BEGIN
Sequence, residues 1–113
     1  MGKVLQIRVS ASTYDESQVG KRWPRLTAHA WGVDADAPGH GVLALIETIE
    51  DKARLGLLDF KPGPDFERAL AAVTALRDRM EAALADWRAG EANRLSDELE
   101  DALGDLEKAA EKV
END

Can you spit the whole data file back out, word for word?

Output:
Sequence, residues 1–113
     1  MGKVLQIRVS ASTYDESQVG KRWPRLTAHA WGVDADAPGH GVLALIETIE
    51  DKARLGLLDF KPGPDFERAL AAVTALRDRM EAALADWRAG EANRLSDELE
   101  DALGDLEKAA EKV